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BY thy blue eye's languid roll,

With dewy lustre gleaming!
By the blush that speaks thy soul,

By thy smiles bright beaming!

By the tear that dimm'd thine eye,

When tales of woe I told thee! By thy bosom's stealing sigh!

Mine I shall behold thee.

Talk not of indifference now,

While in every feature Looks, more strong than words, will show

That 'tis not in thy nature.

Thou wast form'd to love again,

And prove thy votry's blessing; To feel the joy, to feel the pain,

Severe beyond expressing.

Not for pity's fruitless tear,

Nor friendship’s cold emotion, Not for words that die in air,

Flows my fond devotion:

But sparkling eyes and changeful cheek,

The lover's presence greeting, Love warm answering love, I seek,

Rapture, rapture meeting.

OH! wert thou hail'd the sole

queen
Of all that greets the day-star's view,
And brighter were thy beauty's sheen
Than ever form that fancy drew;

Yet I would never love thee:
No! no! I would not love thee!
Nor ever sigh or tear of mine
Should idly strive to move thee.

For now I know thy dark wiles

No more I pant with hope or fear;
No more thy artful frowns or smiles
My poor distracted bosom tear;

For I no longer love thee,
No! no! I do not love thee!
No more my hapless passion lives,
Since false as fair I

proye

thee.

Yet bright still rolls thy dark eye,

And curling flows thy glossy hair,
As soft thy warm cheek's crimson dye,
Thy swelling bosom still as fair,

As when I first did love thee,
Most tenderly did love thee;
And some poor youth they shall entice
Like me in vain to love thee.

S 2

But ah! thy flinty cold heart

Ill suits thy beauty's treacherous glow
'Tis fraught with hollow female art,
And ne'er could love or pity know.

Ah, woe to him that loves thee!
Not knowing thee he loves thee;
For thou canst trifle with his woes,
But passion never moves thee.

With what true love I woo'd thee,

Each sleepless night sad witness bears, My breast that glow'd with sighs for thee, My wan cheek wet with bitter tears:

All told how much I lov'd thee,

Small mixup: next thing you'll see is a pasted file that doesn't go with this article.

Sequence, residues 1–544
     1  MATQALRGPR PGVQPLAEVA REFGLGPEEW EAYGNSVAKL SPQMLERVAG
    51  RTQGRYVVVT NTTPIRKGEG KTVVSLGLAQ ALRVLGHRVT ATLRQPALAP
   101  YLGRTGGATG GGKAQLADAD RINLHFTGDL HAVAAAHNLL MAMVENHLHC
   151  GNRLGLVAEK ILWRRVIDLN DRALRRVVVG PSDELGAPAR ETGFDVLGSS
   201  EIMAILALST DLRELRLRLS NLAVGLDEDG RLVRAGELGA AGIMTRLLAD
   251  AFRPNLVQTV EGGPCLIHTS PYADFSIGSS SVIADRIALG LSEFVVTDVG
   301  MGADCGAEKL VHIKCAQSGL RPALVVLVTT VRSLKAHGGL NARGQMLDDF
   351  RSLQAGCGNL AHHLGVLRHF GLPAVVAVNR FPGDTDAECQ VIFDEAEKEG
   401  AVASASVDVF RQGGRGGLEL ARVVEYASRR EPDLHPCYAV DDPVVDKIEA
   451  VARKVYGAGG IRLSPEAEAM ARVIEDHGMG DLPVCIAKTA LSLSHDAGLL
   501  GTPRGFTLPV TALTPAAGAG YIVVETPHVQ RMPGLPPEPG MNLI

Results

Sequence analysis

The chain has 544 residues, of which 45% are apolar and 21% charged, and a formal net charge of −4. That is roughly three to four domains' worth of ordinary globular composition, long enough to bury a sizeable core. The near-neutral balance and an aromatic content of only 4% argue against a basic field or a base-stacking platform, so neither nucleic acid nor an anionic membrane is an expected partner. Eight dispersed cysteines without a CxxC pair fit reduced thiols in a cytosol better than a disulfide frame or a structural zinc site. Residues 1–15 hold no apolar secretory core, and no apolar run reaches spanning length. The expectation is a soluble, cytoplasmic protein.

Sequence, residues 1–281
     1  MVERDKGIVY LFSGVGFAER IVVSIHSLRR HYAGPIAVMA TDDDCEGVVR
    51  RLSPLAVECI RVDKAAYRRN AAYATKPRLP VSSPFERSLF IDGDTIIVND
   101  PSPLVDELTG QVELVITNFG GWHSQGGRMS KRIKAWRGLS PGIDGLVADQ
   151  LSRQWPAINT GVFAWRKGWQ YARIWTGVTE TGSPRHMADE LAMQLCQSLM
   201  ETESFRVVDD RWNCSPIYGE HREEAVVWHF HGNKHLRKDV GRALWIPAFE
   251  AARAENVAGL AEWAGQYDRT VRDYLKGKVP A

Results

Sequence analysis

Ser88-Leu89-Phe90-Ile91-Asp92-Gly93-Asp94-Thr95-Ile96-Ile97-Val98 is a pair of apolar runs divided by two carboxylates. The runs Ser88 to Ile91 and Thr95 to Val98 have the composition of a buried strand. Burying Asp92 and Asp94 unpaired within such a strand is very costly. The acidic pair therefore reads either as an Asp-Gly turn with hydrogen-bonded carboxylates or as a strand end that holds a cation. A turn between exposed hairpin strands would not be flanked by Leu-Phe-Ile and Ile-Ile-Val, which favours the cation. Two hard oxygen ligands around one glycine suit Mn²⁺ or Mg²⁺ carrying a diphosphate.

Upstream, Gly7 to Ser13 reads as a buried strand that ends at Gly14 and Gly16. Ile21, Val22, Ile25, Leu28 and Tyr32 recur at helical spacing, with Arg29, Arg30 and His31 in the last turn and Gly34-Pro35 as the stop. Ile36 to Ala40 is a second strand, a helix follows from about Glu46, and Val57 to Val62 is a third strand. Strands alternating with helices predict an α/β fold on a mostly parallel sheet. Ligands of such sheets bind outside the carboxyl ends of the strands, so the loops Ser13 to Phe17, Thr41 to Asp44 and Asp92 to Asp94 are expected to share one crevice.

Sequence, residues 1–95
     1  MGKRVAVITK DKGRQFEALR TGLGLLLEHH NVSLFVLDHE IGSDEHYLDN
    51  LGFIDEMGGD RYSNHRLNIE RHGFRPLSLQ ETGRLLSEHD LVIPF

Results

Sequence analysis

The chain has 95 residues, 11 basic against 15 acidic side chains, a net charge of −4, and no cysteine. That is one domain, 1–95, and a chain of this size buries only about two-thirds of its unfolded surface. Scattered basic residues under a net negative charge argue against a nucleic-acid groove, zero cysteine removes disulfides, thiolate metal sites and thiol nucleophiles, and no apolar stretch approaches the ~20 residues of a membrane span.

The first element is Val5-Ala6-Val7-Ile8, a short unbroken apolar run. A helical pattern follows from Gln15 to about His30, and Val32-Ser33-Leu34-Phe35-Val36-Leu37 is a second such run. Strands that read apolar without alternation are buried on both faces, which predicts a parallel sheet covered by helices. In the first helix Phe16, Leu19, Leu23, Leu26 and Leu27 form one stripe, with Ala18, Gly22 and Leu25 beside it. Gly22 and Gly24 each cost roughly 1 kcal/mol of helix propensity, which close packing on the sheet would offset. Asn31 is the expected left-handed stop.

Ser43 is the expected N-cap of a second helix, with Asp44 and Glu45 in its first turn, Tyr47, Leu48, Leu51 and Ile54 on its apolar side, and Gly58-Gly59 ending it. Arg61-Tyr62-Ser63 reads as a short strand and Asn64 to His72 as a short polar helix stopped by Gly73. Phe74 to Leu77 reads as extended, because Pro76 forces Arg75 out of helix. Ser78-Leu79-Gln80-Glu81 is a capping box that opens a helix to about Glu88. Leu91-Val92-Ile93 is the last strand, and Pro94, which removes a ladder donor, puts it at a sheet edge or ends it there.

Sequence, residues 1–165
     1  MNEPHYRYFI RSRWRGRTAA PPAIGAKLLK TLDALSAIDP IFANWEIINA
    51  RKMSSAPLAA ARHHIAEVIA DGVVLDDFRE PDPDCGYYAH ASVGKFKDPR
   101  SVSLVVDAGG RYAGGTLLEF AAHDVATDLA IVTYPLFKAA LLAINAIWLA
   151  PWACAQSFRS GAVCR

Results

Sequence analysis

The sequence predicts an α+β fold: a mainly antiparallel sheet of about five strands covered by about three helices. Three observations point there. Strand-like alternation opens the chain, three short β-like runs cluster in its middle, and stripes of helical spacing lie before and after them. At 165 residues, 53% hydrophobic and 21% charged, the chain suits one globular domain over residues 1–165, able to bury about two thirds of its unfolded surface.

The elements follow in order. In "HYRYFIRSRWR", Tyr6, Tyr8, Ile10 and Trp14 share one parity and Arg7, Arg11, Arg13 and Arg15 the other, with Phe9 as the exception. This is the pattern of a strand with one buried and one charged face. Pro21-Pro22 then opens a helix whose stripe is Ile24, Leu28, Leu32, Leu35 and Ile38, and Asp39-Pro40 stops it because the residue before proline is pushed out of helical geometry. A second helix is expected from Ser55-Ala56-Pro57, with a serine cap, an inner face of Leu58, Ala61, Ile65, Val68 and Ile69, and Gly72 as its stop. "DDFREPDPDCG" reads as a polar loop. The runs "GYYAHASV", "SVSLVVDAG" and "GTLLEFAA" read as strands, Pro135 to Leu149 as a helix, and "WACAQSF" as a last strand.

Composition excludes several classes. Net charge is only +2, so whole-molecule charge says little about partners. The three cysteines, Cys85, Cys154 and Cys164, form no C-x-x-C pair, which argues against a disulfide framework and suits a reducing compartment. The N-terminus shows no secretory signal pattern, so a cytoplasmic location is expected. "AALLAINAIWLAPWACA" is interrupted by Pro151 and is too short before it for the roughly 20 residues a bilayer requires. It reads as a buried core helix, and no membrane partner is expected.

And thou didst know I lov'd thee,
And thou couldst smile to see the pain
Of him who dearly lov'd thee!

But broken is the fond spell;

My fate no more depends on thee;
And thou perhaps one day shalt tell
Thy sorrow and remorse for me:

For none can ever love thee,
As much as I did love thee;
But I shall court my chains no more
No! no! I cannot love thee!

ON READING CHARLOTTE SMITH'S SONNETS.

SMIT by misfortune in life's early day,

And seeing every budding pleasure die, The heart-struck mourner turns forlorn away

From where Hope waves her gilded banners high; And where some woodland streamlet murmurs by,

To lonely wild flowers bids her numbers flow, Or when the tempest darkens in the sky,

On the chill sea-beach vents her bitter woe.

Fruitless regrets! ye tear the wounded heart,

And point the arrow of each coming ill; For never shall that bosom cease to smart

That fondly cherishes its power to feel.“ No!-to oblivion rather let me flee, Forget what once I was-nor think what I must be.

ON THE EARLY APPROACH OF WINTER,

IN THE ISLAND OF ST. JOHN's. OCTOBER 1803.

AH stop!-retire!--nor yet invade,

Rude Winter! the declining year: Stay till the woodland honours fade;

Stay till the mellowing leaf be sere!

Red sets the sun at chilly eve,

While rising winds howl loud around; And see! (quite lost its curling wave)

The pool in glittering ice-bands bound!

Too well these signs thy reign declare;

The shrinking waters own thy spell; The spirits of the frighten'd air

Bid warmth, and day, and joy, farewel.

Ah Winter, spare awhile the year,

Nor nip it rudely ere thy time: Return thee to thy native sphere;

'Bide yet in Greenland's polar clime.

There forms that love thy pallid reign

Shall willing bend beneath thy laws, And over every snow-clad plain

Huge shaggy monsters growl applause.

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